Both Forward And Futures Contracts Are Traded On Contracts Case Study

1541 Words 7 Pages
1. Both forward and futures contracts are traded on exchanges. : False
2. Futures contracts are standardized; forward contracts are not. : True
3. The S&P500 index futures contract is a physical delivery contract. The pork bellies
…show more content…
Suppose European put prices are given by

What no-arbitrage property is violated? What spread position would you use to effect arbitrage? Demonstrate that the spread position is an arbitrage.
Answer: The difference in put premiums is greater than the difference in strike prices. We could engage in arbitrage by selling the 55-strike put and buying the 50-strike put, which is a bull spread.

5. (10 points) Let S=40, K=40, r=8% (continuously compounded), σ=30%, =0, T=0.5 years, and number of binomial periods=2. Compute the prices of American call and put options.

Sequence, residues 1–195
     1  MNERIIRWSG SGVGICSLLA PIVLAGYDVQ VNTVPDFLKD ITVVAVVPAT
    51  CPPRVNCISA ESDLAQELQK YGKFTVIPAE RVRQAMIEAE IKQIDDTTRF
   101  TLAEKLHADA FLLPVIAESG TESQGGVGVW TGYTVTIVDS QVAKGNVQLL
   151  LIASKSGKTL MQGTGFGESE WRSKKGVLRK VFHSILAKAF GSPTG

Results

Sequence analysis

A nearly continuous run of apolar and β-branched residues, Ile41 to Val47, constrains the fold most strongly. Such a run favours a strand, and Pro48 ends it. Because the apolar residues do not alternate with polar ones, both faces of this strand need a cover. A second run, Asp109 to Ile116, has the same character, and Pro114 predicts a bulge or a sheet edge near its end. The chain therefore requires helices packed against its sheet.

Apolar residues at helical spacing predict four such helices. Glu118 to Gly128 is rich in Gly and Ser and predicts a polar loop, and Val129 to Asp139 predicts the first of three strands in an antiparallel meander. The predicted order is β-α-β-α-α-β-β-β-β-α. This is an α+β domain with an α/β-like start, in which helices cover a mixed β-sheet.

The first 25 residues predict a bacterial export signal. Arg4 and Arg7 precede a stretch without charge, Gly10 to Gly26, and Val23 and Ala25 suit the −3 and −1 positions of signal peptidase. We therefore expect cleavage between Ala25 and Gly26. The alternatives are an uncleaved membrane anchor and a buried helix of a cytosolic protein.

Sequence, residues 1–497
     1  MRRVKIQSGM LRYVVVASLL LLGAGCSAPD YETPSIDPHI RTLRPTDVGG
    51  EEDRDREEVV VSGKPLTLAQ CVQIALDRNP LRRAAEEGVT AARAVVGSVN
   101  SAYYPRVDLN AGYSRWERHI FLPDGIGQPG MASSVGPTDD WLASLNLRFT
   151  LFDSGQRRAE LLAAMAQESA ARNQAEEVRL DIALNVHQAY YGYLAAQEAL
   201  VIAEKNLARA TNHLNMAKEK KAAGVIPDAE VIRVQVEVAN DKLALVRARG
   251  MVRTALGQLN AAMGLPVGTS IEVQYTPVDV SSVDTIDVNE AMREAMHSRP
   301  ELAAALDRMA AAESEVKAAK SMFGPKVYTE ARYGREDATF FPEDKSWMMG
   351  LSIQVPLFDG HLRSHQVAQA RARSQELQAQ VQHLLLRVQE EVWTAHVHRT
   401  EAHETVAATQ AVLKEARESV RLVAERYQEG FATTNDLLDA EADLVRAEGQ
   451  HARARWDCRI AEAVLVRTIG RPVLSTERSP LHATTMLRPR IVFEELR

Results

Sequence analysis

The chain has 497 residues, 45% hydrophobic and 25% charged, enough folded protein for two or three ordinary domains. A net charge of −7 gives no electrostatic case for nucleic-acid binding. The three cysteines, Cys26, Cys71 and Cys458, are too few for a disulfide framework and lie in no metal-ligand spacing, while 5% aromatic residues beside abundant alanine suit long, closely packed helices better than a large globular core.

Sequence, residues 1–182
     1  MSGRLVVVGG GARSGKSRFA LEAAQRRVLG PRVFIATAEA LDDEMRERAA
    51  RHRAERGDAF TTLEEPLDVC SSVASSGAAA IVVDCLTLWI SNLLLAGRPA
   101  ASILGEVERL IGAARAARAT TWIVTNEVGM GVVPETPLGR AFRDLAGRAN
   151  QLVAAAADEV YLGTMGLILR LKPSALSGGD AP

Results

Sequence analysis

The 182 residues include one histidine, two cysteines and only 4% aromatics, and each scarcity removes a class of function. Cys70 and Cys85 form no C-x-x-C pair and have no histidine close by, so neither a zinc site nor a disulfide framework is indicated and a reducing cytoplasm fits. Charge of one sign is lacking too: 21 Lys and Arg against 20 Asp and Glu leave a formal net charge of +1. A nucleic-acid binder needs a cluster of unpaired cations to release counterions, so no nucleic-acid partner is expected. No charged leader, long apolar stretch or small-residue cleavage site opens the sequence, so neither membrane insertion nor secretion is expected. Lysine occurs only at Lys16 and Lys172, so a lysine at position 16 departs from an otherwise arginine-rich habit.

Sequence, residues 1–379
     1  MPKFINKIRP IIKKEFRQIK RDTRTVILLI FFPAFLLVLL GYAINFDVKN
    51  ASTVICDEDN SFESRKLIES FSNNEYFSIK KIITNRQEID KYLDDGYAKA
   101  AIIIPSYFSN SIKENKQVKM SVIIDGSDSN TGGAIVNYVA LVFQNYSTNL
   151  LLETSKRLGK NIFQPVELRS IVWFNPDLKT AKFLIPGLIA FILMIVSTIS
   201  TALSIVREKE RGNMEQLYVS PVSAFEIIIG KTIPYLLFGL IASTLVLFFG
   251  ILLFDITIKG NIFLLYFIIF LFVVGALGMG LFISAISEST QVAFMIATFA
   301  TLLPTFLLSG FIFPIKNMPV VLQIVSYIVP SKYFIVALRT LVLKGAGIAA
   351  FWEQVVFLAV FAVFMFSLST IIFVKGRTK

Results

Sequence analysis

Payoff for
 Long forward = Spot price at expiration – Forward price
 Short forward = Forward price – Spot price at expiration
A call option gives the owner the right but not the obligation
…show more content…
buy the underlying asset at a predetermined price during a predetermined time period
• Strike (or exercise) price: the amount paid by the option buyer for the asset if he/she decides to exercise
• Exercise: the act of paying the strike price to buy the asset
• Expiration: the date by which the option must be exercised or become worthless
• Exercise style: specifies when the option can be exercised
 European-style: can be exercised only at expiration date
 American-style: can be exercised at any time before expiration
 Bermudan-style: can be exercised during specified periods
Payoff/Profit of a Purchased Call
• Payoff = Max [0, spot price at expiration – strike price]
• Profit = Payoff – future value of option premium
Payoff/profit of a purchased (i.e., long) put
 Payoff = max [0, strike price – spot price at expiration]
 Profit = Payoff – future value of option premium
Put-Call Parity
• The net cost of buying the index using options must equal the net cost of buying the index using a forward contract
• Call (K, t) – Put (K, t) = PV (F0,t – K)
 Call (K, t) and Put (K, t) denote the premiums of options with strike price K and time t until expiration, and PV (F0,t ) is the present value of

Related Documents